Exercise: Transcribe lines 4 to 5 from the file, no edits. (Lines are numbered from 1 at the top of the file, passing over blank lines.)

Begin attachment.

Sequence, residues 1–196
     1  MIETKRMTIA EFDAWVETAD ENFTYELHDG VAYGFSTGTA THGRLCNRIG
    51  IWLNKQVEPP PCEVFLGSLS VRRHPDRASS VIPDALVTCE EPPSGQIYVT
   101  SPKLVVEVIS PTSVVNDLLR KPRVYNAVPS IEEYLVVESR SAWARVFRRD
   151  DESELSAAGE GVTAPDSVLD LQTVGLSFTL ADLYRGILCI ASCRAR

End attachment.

   101  SPKLVVEVIS PTSVVNDLLR KPRVYNAVPS IEEYLVVESR SAWARVFRRD
   151  DESELSAAGE GVTAPDSVLD LQTVGLSFTL ADLYRGILCI ASCRAR